said, the Committee seemed to be agreed upon one point, namely, that this question must be settled. Certain tests, therefore, must be applied to know how it should be decided. The Bill was framed for two purposes—to diminish expense, and to prevent corruption at elections. Consistently wit] these two objects, the Committee would agree that no impediment or obstruction ought to be interposed to the discretion of voters in the exercise of their franchise in favour of the candidate for whom they intended to vote, provided they were not influenced to do so by any corrupt motives. Taking this test, he could not see how the Committee could assent to the noble Lord's proposition; and if they could not assent to it, they must be driven to the other alternative of legalising travelling expenses and refreshments in some way. How, might be open to considerable doubt. In respect to travelling expenses, it was clear that, by refusing to pay them, the number of voters brought to the poll would be diminished. Although there were lines of railway intersecting the kingdom, they only afforded facility of communication to certain towns, and not to electors in distant districts. It was perfectly clear that the mere payment of travelling expenses would not tend to increase corruption at elections. It was only in those cases where more was given than was necessary to bring the voter to the poll that the voter was corrupted. With regard to travelling expenses, he felt no doubt whatever, if the alternative was to allow or disallow them, they must allow them, because the disallowance would be to disfranchise half the voters for counties. The hon. Member for the West Riding (Mr. Cobden) said there were 36,000 voters in that district, and the allowance of 2s. a head for travelling expenses, and 2s. a head for refreshment, would impose a cost upon the candidates of upwards of 7,000l. Assuming that 20,000 out of the 36,000 received the 2s.—and that was an extravagant estimate—the sum expended would be only 2,000l., and, divided among four candidates, would be only 500l. each. He would put it to any county Member whether, in the present uncertain state of the law, he would not think himself well off with a payment of 500l. for refreshment expenses? By allowing refreshment expenses to a limited amount they would not add to corruption. No man would poll for a certain candidate because he received 2s., but because he preferred that candidate to any other. Since it would neither add to the expenses of the election nor increase corruption, to allow reasonable expenses for travelling and reasonable expenses for refreshment, the proper alternative, in his opinion, was to allow them. If they disallowed them, they would make the law antagonistic to the general feelings of the people of this country; the law would become worse than nugatory; every one would endeavour to evade it, and more stringent legislation would be necessary, for the present Bill would then utterly fail in its object.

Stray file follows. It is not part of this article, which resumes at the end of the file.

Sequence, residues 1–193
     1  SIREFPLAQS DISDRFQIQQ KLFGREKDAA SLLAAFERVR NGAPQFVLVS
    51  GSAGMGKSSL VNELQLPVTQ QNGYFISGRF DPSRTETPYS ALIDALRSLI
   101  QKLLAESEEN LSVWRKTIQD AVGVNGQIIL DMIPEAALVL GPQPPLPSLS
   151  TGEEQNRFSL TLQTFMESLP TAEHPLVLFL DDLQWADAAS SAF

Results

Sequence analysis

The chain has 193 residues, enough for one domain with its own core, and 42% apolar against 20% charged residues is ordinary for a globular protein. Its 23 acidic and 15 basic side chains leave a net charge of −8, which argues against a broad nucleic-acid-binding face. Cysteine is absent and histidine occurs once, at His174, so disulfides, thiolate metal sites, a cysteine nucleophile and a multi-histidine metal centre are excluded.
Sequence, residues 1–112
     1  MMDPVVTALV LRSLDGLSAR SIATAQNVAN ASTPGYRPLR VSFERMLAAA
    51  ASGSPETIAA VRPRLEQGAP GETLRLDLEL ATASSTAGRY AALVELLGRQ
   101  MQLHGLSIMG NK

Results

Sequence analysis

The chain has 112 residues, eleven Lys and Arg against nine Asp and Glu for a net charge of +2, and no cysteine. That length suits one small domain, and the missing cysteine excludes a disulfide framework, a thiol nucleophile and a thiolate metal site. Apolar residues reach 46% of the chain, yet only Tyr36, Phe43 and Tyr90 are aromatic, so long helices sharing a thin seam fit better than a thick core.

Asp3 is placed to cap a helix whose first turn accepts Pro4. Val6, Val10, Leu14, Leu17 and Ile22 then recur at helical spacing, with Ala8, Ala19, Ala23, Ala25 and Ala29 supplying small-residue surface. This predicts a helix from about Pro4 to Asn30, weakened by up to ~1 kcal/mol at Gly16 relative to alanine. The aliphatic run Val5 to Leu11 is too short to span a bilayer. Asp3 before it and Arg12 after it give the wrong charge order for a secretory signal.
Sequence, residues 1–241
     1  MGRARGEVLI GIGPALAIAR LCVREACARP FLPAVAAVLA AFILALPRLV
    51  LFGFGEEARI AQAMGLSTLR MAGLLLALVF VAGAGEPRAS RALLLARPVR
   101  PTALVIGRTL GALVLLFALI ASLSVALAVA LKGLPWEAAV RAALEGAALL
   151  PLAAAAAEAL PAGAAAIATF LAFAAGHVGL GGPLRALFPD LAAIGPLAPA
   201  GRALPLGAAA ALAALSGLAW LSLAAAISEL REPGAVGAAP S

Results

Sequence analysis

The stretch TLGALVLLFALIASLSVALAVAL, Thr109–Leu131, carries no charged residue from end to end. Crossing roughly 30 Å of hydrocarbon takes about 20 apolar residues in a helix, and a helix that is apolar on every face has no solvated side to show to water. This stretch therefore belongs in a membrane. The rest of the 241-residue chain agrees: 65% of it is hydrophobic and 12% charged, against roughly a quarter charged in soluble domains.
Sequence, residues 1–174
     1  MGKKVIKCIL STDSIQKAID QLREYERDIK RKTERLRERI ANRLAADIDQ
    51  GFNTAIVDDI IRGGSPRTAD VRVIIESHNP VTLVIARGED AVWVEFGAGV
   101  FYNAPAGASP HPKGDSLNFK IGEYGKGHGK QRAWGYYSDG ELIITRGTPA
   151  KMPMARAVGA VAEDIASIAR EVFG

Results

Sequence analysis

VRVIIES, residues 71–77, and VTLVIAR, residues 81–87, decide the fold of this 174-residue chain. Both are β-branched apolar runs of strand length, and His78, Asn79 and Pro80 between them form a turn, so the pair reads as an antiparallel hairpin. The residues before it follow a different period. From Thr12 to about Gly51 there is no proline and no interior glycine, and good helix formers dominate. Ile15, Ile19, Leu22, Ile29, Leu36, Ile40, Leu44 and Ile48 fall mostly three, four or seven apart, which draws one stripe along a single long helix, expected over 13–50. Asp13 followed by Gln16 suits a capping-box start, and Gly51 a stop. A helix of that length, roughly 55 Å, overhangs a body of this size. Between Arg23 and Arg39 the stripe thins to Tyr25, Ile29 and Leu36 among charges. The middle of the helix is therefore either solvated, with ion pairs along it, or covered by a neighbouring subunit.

said, he must confess he had very great doubts with respect to the clause now under consideration. He agreed with the right hon. Gentleman opposite (Mr. Walpole) that it did seem to be the opinion of that House, and he could not but say it was a very reasonable opinion, that, as they were making a new law on this subject, candidates and the country generally should be informed whether the expenses of refreshment and travelling were to be considered legal or illegal. As he understood his hon. and learned Friend the Attorney General, it had been frequently decided that travelling expenses which were bonâ fide the expenses of bringing persons to the places of polling, were legal expenses, and that, in his opinion, any payment for refreshment came under the words of the Treating Act, however conflicting later decisions had been. There appeared to him to be a difference between the question of travelling expenses and the question of refreshment. A poor man, living some miles from a polling place in a county, might very well say, "I cannot put such a value on my franchise that I can afford not only to lose my day's wages, but to spend money for the purpose of being conveyed to the place of polling." He thought, in that case, it was not unreasonable that others, and even candidates, should provide the expense which the poor voter could not afford himself. He, therefore, could not give his vote for the proposition of his noble Friend (Lord R. Grosvenor). He thought the question of refreshment, however, was of a totally different character, because, after all, the expense of a man's daily food was an expense defrayed by him, and an expense which, at all events he need not call on the candidate to defray; as it was more than probable that he and his neighbours meeting together might be able to take such refreshment as was necessary. Though he had endeavoured as far as possible to bring his mind to consider that some provision of the kind ought to be introduced, he could not concur with the right hon. Gentleman opposite that it would not lead to any corrupt expense. It was quite true, if they continued a practice which had been usual, of the candidates furnishing refreshment expenses, and if they limited to 2s. what had hitherto cost 5s. a head, they did not introduce any corruption. But there were numbers of cases in which it had not been the practice to allow a sum for refreshment, where persons had been accustomed to go to the poll and did not receive any allowance whatever. Immediately Parliament said 2s. should be allowed for the purpose of refreshment, numbers of men who would now never think of claiming a single farthing, but would go and give their votes and return to their own dwellings without calling on any candidate for payment of refreshment, would say, "After all, it is a legal payment; it is not a gift or any act of generosity on the part of the candidates; it is found in the Act of Parliament, and we have a right to be paid." He should be afraid, therefore, an element of corruption would be added, and though for some time he was inclined to vote for a clause of this kind, on the whole he had come to the conclusion that it was desirable to allow travelling expenses, but that it was not desirable to allow the expenses of refreshment, and that to make the law more clear, a clause should be inserted, declaring that such expenses came within the provisions of this law. That was the conclusion as to the best course to pursue which he had come to after great hesitation and consideration.